My fondest memory of attending the 2013 American Association of Editorial Cartoonists conference in Salt Lake City was hanging with fellow cartoonist Steve Benson, the Arizona Republic’s inkslinger. My wife and I, and a clutch of other truant ink assassins that included Steve had sneaked away to enjoy a liquid lunch downtown.
As we chatted about editors, and compared hate mail stories, Steve reached for his ever present sketchbook and began to sketch my wife and I with a ball point pen. Watching him draw was a wonder. As we revisited the glory days of the Gov. Evan Mecham years, Steve finished the portrait. He looked at it, scowled and chuckled, signed it and presented the original to us with the flourish of a samurai. We had been skewered by a pro. “Now you know what it feels like.”
Treasured and framed, our Benson original hangs in a place of high honor in our home, between an Oliphant charcoal of Uncle Sam and an original “Doonesbury” by Garry Trudeau. Steve belongs among the masters of the ungentlemanly art.
On Wednesday, Steve Benson was among the journalists laid off by Gannett. Steve started skewering targets at the Arizona Republic back in 1980. Thirty-nine years and 10,000 cartoons later, he’s gone.
The nationwide layoffs came amid reports of a hostile takeover bid from Digital First Media, a monolithic hedge fund subsidiary that is slashing its way to being the largest publisher of hollowed-out newspapers in the United States.
When I started in ’86, Benson enjoyed well-deserved national acclaim. As the years have passed my respect and admiration for Steve has only grown. The grandson of Mormon church president Ezra Taft Benson pulled no punches when it came to criticizing his fellow Mormon in the Governor’s seat, Mecham.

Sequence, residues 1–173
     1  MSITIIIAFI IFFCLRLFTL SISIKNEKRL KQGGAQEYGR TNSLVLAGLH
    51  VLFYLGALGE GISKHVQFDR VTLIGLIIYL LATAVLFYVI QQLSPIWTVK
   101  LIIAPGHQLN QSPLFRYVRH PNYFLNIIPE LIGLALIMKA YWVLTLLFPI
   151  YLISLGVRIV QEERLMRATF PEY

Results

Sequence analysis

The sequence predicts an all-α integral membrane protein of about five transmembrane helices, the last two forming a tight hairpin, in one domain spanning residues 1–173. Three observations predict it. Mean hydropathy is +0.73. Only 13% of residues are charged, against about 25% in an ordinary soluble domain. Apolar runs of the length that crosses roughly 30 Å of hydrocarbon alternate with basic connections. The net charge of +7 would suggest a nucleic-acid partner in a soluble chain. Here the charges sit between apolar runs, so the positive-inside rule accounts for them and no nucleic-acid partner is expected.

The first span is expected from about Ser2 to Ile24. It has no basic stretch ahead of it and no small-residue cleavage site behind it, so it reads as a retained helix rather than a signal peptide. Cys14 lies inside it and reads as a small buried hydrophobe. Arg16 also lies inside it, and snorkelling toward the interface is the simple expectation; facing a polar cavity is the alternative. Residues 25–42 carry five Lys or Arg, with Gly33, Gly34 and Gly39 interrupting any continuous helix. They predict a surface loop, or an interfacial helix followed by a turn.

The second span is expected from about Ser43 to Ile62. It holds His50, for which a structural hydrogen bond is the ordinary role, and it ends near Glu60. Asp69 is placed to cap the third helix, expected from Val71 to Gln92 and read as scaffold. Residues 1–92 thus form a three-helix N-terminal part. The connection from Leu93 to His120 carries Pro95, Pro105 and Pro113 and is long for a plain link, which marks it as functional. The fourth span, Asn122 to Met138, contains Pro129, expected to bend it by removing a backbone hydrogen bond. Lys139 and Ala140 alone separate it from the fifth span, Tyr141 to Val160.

Eventually Steve renounced Mormonism, became a vocal evangelist for free thought, and was shunned by his faith community for it. At this point, I felt the tone and targets of his cartoons changed for the better. Steve won the Pulitzer for editorial cartooning in 1993. By then it was clear. Try fencin’ with Benson and you’ll lose. These days Benson is one of the most brutal critics of President Trump. Forgive me. My tense is wrong. Benson was one of the most brutal critics of President Trump, until he was sent packing.
Newspaper cartoonists are often tasked with drawing up retirement cards for departing employees. After 39 years one can only guess how many “Goodbye and Good Luck Cards” Steve Benson has drawn for souls departing the Arizona Republic.
I’d be honored to draw your involuntary retirement card, Steve.
I’d draw you with the Arizona sun smiling down on you because I know you love the West. Then I’d draw you standing tall with a sword that resembles a pen, in one hand, and the U.S. Constitution, as your shield, in the other. I like to save the face, the fun part, for last. Mop of unruly hair. A disarming smile that says don’t take it personally. And the squinting good-humored eyes that could make you feel bad guys were in the crosshairs of a professional. All it took was one cartoon to hit the bull’s-eye.
A fearless evangelist for democracy, and for social and economic justice, Steve Benson’s peerless line work was confident, his renderings beautiful, his color lush, and his compositions striking. A joy for this cartoonist to behold. Steve’s concepts were consistently powerful, provocative and memorable. And his cartoon likenesses of Rose Mofford with a towering coif, and Joe Arpaio as a bilious gasbag with a nose the size of Eloy were definitive. No senator or sheriff was safe when Benson dipped his nib in his inkwell.
Now, north of the Gila, the bad guys are a little bit safer.
Steve leaves a legacy that is unmatched. For evidence I refer you to the thousands of Steve’s cartoons, carefully torn from the editorial pages of the Arizona Republic by readers, that are enshrined on refrigerators in homes, haciendas and trailers all across this wonderful state. For a cartoonist, there can be no greater tribute.
Unless, like me, you count hate mail as a badge of honor, a tribute to the strength of your work. To all of the thousands who wrote letters to the editor calling for Steve Benson’s head you finally got your wish. It only took four decades.